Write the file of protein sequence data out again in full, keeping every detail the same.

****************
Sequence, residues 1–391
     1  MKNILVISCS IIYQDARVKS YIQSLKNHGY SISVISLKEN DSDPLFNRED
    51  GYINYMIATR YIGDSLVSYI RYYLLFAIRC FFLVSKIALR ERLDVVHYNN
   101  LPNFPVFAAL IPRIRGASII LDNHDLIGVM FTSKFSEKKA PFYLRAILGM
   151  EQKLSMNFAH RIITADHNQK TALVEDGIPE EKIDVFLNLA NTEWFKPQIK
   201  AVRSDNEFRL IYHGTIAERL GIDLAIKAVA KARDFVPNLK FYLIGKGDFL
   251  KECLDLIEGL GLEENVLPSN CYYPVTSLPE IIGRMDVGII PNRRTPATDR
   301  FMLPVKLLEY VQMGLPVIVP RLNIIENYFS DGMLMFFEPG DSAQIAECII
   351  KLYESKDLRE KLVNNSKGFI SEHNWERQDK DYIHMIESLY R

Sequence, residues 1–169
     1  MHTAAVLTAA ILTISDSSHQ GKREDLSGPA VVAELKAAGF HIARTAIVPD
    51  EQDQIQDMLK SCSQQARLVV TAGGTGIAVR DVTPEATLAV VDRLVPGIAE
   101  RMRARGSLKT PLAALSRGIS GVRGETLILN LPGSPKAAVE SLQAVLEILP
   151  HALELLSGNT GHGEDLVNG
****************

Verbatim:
Sequence, residues 1–391
     1  MKNILVISCS IIYQDARVKS YIQSLKNHGY SISVISLKEN DSDPLFNRED
    51  GYINYMIATR YIGDSLVSYI RYYLLFAIRC FFLVSKIALR ERLDVVHYNN
   101  LPNFPVFAAL IPRIRGASII LDNHDLIGVM FTSKFSEKKA PFYLRAILGM
   151  EQKLSMNFAH RIITADHNQK TALVEDGIPE EKIDVFLNLA NTEWFKPQIK
   201  AVRSDNEFRL IYHGTIAERL GIDLAIKAVA KARDFVPNLK FYLIGKGDFL
   251  KECLDLIEGL GLEENVLPSN CYYPVTSLPE IIGRMDVGII PNRRTPATDR
   301  FMLPVKLLEY VQMGLPVIVP RLNIIENYFS DGMLMFFEPG DSAQIAECII
   351  KLYESKDLRE KLVNNSKGFI SEHNWERQDK DYIHMIESLY R

Sequence, residues 1–169
     1  MHTAAVLTAA ILTISDSSHQ GKREDLSGPA VVAELKAAGF HIARTAIVPD
    51  EQDQIQDMLK SCSQQARLVV TAGGTGIAVR DVTPEATLAV VDRLVPGIAE
   101  RMRARGSLKT PLAALSRGIS GVRGETLILN LPGSPKAAVE SLQAVLEILP
   151  HALELLSGNT GHGEDLVNG